From the very sequestered carbon, the trees, that grow from taking the carbon from the atmosphere. We know this to be fact, yet fires that burn these carbon sequestering trees are managed rather than fought, and their intensity increases annually without needed fixes in timber management practices to adapt to changing conditions.
Forest Management practices must change, and change now. Legislators on both sides of the aisle agree, as Oregon Senate President Peter Courtney penned recently, “An additional investment is needed to encourage more active federal forest management.”
And Senator Merkley stated, “Many of us are frustrated with current forest management practices. I will continue working with my colleagues on both sides of the aisle and in both chambers to find collaborative solutions and funding to return our forests to health.”
He goes on to say, “This is a scary time for Oregon. Our air is choked with wildfire smoke, our friends and neighbors are on the front lines fighting fires and our communities are being threatened. I will do everything I can to support Oregonians and make our forests more resilient in the future.”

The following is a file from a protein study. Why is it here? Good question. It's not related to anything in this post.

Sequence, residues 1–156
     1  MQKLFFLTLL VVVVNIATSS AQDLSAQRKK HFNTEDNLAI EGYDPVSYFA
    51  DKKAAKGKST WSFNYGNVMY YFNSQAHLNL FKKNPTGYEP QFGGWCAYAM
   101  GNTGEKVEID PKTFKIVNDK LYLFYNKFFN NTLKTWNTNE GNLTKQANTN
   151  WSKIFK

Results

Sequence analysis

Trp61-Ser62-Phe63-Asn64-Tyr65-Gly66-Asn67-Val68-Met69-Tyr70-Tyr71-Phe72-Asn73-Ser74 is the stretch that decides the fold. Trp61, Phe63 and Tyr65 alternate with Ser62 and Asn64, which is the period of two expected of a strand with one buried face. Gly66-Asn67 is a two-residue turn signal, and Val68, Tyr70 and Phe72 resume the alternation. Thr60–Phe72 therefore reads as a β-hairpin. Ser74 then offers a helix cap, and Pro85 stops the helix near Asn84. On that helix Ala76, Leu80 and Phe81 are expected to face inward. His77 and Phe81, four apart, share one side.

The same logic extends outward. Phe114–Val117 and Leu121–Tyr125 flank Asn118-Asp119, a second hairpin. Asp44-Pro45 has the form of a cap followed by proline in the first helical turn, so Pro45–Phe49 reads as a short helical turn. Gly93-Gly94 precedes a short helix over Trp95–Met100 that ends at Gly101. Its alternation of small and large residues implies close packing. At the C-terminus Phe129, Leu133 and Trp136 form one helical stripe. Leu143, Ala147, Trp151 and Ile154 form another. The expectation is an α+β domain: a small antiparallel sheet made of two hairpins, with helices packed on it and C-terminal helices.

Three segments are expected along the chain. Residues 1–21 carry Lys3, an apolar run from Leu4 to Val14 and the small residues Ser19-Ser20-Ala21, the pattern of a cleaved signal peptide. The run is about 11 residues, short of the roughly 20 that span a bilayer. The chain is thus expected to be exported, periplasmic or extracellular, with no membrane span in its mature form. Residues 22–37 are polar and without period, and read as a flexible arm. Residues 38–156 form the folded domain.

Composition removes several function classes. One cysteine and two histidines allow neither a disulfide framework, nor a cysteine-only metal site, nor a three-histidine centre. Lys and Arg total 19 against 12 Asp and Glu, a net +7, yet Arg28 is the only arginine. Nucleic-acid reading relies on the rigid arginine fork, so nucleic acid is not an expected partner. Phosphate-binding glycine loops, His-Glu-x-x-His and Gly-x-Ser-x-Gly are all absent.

Chair Clem, as the elected leaders for the residents of the State of Oregon, it is our obligation to make sure we protect the health, life and safety of our citizens.
As a member of the House Committee on Agriculture & Natural Resources, I respectfully request that you call joint hearings with the Senate Committee on Energy & Environment. Sen. Baertschiger has made a similar request of Sen. Dembrow, to address the wildfires burning across our State and the policies that manage the resources.
I further request that we have focused discussions on:
USDA Forest Service-MIST (Minimal Impact Suppression Tactics) guidelines, Sequestered Carbon Timber Resource Management practices and policies, and that a state task force be formed to fully address these issues and assist our federal colleagues with recommendations for changes in forest policy on lands within our state, and across the Pacific Northwest.
Chair Clem, we have some of the best resources to do this work, from our residents, agencies, universities and electeds.
I look forward to moving this critical bipartisan discussion forward and I appreciate your consideration.